Manual Thermal Evaluation (MTE) is an evaluation technique I learned in a Functional Methods training and in the Visceral Manipulation™ (VM-5) course (both based on osteopathic evaluations and techniques). I use MTE with every single client, so I thought I’d take a brief moment to tell you what I’m doing during MTE. It is much more complex than what I’m presenting here, but it’s important to give you a general overview, so you don’t think I’m doing something witchy…not that there is anything wrong with that ;-).
How it looks: During MTE my hands move over the area of the body where I received a general listening. I move my hand about 4 cm and then 30 cm away from the body in a steady controlled fashion.
Why: I’m looking for a shift in temperature and then evaluating the size, shape and qualities of the thermal shift. These variations give me information about functional, emotional or structural areas of imbalance. It’s a way of listening to the body.
How: Temperature given off by the body is a result of a problem in the area or increased metabolic activity. An obvious example of general temperature shift in relation to metabolic activity would be temperature changes initiated by a surge in luteinizing hormone and then ovulation.
Specific areas of our hands are sensitive to picking up thermal shifts. We all have this ability to feel thermal projections, but just like a musician develops her craft over time, picking up and evaluating these thermal shifts takes practice.
A little history of thermal evaluation “This phenomenon has been recognized for thousands of years. Dr. Bruno Roche (Geneva, Switzerland) attributes the earliest known thermal evaluation to Hippocrates. He is said to have covered patients with mud, noted the places where the mud dried most rapidly and found that these were typically sites of medical problems.” Jean-Pierre Barral, D.O. in the book Manual Thermal Evaluation.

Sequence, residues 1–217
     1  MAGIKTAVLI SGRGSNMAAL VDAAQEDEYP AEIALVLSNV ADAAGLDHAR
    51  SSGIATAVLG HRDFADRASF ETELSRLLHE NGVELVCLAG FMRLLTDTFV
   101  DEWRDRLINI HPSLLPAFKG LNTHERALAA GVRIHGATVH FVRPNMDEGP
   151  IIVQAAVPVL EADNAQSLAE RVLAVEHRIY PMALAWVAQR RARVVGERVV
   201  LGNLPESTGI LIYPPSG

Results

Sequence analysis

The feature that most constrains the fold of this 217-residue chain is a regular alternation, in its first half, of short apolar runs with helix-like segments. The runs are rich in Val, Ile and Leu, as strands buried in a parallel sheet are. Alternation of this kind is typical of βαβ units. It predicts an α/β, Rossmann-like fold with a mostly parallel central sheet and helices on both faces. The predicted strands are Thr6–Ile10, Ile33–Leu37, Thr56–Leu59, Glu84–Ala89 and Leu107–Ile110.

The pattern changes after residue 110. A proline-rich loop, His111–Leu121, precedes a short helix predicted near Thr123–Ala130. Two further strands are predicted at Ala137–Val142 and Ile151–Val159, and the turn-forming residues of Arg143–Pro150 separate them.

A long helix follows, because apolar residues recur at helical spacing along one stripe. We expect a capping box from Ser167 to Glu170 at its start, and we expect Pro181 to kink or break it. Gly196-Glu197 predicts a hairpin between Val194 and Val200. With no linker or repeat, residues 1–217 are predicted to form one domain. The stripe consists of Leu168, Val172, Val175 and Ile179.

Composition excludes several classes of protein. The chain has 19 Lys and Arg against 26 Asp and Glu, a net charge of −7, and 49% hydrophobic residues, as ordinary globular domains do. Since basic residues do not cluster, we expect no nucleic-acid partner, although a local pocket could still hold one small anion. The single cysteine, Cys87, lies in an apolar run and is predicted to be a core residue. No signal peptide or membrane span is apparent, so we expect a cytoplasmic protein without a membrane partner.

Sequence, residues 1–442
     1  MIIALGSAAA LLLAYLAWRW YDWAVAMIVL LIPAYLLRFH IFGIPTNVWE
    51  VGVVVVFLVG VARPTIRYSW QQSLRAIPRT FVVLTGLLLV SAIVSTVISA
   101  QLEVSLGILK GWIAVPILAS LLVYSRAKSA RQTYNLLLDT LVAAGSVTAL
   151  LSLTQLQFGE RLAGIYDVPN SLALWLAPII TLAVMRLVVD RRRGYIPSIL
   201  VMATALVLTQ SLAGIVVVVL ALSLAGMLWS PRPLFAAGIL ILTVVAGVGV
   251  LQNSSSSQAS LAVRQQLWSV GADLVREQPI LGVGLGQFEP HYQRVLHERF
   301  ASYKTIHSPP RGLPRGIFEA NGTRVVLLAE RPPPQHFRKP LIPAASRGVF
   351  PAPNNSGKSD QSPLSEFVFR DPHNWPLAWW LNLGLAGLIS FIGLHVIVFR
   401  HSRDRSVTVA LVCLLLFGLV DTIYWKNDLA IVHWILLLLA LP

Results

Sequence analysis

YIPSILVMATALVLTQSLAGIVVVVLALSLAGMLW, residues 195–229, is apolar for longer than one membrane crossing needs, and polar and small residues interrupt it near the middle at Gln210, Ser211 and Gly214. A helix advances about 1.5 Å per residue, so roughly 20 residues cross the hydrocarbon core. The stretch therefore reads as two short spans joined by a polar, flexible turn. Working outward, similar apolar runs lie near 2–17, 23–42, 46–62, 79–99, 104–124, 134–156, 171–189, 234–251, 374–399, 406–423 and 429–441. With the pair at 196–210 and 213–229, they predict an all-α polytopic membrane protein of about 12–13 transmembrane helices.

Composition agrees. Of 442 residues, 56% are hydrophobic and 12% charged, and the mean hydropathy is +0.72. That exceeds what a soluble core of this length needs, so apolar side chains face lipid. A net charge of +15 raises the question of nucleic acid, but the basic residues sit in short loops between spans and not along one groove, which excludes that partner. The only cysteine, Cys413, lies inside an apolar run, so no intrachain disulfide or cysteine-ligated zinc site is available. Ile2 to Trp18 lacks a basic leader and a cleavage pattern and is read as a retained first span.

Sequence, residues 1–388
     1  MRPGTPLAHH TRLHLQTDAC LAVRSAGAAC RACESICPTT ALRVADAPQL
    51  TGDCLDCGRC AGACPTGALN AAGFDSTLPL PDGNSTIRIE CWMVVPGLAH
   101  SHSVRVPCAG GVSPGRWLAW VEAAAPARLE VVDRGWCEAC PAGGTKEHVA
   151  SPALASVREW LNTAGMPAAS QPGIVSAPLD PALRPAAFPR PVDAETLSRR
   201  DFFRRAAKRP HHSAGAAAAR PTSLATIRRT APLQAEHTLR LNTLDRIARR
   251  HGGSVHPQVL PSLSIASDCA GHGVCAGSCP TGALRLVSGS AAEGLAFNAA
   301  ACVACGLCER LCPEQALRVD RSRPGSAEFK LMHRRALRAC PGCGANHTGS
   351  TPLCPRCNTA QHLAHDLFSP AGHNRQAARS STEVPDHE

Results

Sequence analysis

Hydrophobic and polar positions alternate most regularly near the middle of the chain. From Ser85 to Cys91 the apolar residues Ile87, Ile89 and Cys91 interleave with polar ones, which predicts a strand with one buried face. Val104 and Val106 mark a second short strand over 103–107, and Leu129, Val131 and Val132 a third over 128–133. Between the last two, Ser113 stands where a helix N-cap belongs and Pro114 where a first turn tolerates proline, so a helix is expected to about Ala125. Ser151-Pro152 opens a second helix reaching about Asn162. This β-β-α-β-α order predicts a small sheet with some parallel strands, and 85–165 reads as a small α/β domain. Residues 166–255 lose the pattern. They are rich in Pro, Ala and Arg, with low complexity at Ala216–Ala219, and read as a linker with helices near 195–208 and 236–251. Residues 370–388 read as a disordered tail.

Thermal Topographic Map: After working with tens of thousands of patients and demonstrating through controlled experiments osteopathic physician Jean-Pierre Barral has developed a “topographic map” of thermal projections that can be correlated with specific physical conditions or emotional conflicts. For instance, a projection over a dysfunctional abdominal sphincter will feel different than a dysfunctional cecum, liver or ovary. The projections over an ovary during ovulation can indicate which ovary is releasing an egg. As mentioned earlier, heat is produced by high metabolic activity in an area. If heat is detected from an ovary while ovulation is NOT occurring it may indicate pelvic congestion or inflammation of that ovary. There are also combinations of heat projections and qualities of heat projections that may indicate an emotional, structural, or hormonal component.
Memory Of The Body “All pathologies of the body, past and present, are inscribed in the tissues. This inscription is often expressed thermally.” Jean-Pierre Barral, D.O. Meaning old scar tissue, surgeries or other traumas may express through thermal projections.
- The body emits a slight thermal shift at the site of a problem.
- There is nothing magical about MTE. Many controlled experiments have confirmed thermal flow and the sensitivity of the hand to pick up these shifts.
- As the osteopathic physician, Rollin Becker stated, “Only the tissues know.”
- Using MTE is another way of listening to the body.
- MTE is different than what you would pick up with infrared cameras. Infrared cameras are overly sensitive to heat emitted by branches of the circulatory vessels.